Prostate Cancer

Urinary incontinence

Short-term urinary incontinence is very common after radical prostatectomy:

“About 2 out of every 10 men (20%) will have minor problems with urinary incontinence. About 1 in 20 men (5%) will have more severe problems with urinary incontinence after this type of surgery. For many men the incontinence is temporary and does not last longer than 6 months.” - Cancer Research UK March 2015.

Newer surgical procedures and treatments such as Robot- assisted laparoscopic radical prostatectomy, and HIFU are reported to cause less erectile dysfunction and incontinence than radical surgery. Occasionally urinary incontinence follows other treatments such as radiotherapy or transurethral resection. Some of the men interviewed who had had a radical prostatectomy described the practical problems that they had encountered after their surgery. Also, men who had been treated with brachytherapy described their urinary symptoms after treatment.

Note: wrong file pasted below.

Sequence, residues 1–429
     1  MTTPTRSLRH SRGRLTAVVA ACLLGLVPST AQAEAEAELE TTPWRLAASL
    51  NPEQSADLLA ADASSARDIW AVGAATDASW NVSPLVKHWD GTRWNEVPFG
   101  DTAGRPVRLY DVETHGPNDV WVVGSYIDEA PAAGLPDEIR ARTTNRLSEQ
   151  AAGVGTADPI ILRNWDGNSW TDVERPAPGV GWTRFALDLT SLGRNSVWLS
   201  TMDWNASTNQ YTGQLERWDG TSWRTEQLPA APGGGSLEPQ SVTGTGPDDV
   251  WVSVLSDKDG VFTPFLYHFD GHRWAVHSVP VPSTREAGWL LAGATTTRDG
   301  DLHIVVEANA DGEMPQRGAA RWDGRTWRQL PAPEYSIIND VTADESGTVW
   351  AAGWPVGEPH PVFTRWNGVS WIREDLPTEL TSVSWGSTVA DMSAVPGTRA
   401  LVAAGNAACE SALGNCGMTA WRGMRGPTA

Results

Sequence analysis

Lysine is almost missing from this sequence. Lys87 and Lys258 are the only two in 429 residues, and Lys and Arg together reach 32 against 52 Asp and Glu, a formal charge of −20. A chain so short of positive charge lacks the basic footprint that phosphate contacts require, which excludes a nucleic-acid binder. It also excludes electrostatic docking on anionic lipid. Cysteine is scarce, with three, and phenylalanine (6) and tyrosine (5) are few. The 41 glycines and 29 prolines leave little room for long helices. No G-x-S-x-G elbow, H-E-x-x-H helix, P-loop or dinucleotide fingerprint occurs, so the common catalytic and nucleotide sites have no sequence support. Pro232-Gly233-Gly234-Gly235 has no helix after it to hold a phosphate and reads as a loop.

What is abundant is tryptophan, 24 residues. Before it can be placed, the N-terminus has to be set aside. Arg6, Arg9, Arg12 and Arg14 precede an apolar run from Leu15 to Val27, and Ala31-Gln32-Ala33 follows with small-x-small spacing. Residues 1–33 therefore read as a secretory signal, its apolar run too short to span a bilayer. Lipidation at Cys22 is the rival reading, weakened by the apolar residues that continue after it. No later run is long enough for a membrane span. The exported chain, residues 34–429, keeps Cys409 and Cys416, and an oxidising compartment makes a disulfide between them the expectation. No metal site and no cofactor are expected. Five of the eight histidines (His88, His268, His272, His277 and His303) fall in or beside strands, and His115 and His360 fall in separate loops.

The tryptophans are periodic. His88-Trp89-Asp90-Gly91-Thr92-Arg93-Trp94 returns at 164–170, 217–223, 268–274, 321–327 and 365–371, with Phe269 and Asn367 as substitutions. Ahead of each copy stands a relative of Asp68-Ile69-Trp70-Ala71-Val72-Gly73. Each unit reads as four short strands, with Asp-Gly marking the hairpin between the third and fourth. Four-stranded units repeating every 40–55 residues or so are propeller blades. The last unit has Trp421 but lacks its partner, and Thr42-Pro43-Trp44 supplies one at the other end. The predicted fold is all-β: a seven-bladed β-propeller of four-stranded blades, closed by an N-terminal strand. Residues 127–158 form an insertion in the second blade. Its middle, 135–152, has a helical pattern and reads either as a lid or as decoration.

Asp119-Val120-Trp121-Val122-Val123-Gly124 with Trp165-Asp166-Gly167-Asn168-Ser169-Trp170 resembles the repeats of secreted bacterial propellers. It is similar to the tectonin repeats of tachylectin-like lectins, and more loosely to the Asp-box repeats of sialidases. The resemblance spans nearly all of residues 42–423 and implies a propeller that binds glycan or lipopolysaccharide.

Men who suffer from incontinence have various options, including special pelvic floor exercises, pads, catheters, urinary sheaths, medical therapies and surgical intervention. Surgery includes the ‘male sling’ and the artificial urinary sphincter. The insertion of an artificial urinary sphincter is an established operation with high patient satisfaction. During this operation an inflatable cuff is placed around the urethra and a pump is inserted (usually situated in the scrotum). Once the artificial sphincter is in place, a man can use the pump to empty (deflate) and fill (inflate) the cuff. Squeezing the pump moves fluid from the cuff to the balloon. When the cuff is empty, the urethra opens so that a man can urinate. The cuff will re-inflate on its own. Surgical intervention is usually considered 1-2 years after prostatectomy.

Last reviewed March 2015
Last updated March 2015.


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